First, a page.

SQL Server Programming Tricks: Iterating Columns

I have seen a few examples where people are trying to map columns from SQL output. In many of the examples, I see something like this:

SELECT t1.*, t2.*
FROM Table1 t1
JOIN Table2 t2
ON t1.id = t2.FKID

There are many ways to solve the issue, but I am not going to cover this as much as being more specific in SQL Queries.

The wildcard (*) is a lazy way to program SQL statements. It is useful when you are figuring something out (although TOP X becomes mandatory when working with large data sets). They are not a good practice in production code, however.

I suggested recently that someone take the time to iterate the columns in his SQL Statement and he said, but I have tons of columns. Fair enough, but since it only takes a few minutes and a couple of common tools to iterate the columns, why not take the time. In the process, you might find you are not using part of the data and you can reduce the size of the result set, which is always a good practice in my book.

Here is a “clever” trick to iterate and produce a SQL Statement.

1. Get the Columns

This is as simple as running the following commands in SQL Server:

exec sp_help Table1
exec sp_help Table2

2. Create the SQL Statement Bits

This is a bit of using a tool that someone might not expect you to use. In this case, I use Excel. NOTE that this assumes you copied to the first cell, which is A1.

  1. Copy the column result to Excel
  2. Create the following in the first row on an empty column
    =CONCATENATE(", t1.", A1)
  3. Drag the column down to the last column in the list
  4. Repeat for table2

3. Copy back to the statement

Copy the concatenated row from Excel and put it in place of t1.*. Do the same for t2.*. Delete the first comma in the list. You now have columns iterated.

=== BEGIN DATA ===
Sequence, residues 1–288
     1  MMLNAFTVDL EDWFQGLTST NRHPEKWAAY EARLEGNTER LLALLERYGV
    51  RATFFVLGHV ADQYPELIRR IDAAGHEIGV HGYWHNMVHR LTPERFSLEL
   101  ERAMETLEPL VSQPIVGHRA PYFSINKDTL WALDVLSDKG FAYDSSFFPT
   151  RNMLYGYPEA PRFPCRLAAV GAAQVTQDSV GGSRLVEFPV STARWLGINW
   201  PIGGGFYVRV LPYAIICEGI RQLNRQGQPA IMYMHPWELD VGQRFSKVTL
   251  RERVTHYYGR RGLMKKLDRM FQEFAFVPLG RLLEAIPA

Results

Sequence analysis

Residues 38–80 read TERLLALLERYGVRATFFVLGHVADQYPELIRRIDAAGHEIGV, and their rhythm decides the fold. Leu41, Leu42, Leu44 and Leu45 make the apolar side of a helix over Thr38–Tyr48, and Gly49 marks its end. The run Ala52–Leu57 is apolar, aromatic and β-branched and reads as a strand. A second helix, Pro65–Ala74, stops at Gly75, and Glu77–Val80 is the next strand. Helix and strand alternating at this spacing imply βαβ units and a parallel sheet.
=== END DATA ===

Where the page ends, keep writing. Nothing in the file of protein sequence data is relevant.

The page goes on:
Some Other Useful Tricks

To alias a column:

  1. Create another column with aliases
  2. Change the concat statement to read
    =CONCATENATE(", t1.", A1, " As ", B1)

To handle nulls as empty strings

  1. Change the concat to read
    =IF(G1 = "yes"
    , CONCATENATE(", t1.", A1))

NOTE: The breaks in the statement are for readability. You do not have to carriage return in Excel

Final Notes

Excel is a useful tool for “coding” repetitive sections of code. the fact you can create a statement and then pull down is very useful.

At some point in time I need to create a SQL stored proc that does this work for me, as there is no real need to go to Excel for this. The only thing I cannot easily do is the aliases.

Peace and Grace,

Twitter: @gbworld


Leave a Reply

Fill in your details below or click an icon to log in:

WordPress.com Logo

You are commenting using your WordPress.com account. Log Out / Change )

Twitter picture

You are commenting using your Twitter account. Log Out / Change )

Facebook photo

You are commenting using your Facebook account. Log Out / Change )

Google+ photo

You are commenting using your Google+ account. Log Out / Change )

Connecting to %s

%d bloggers like this: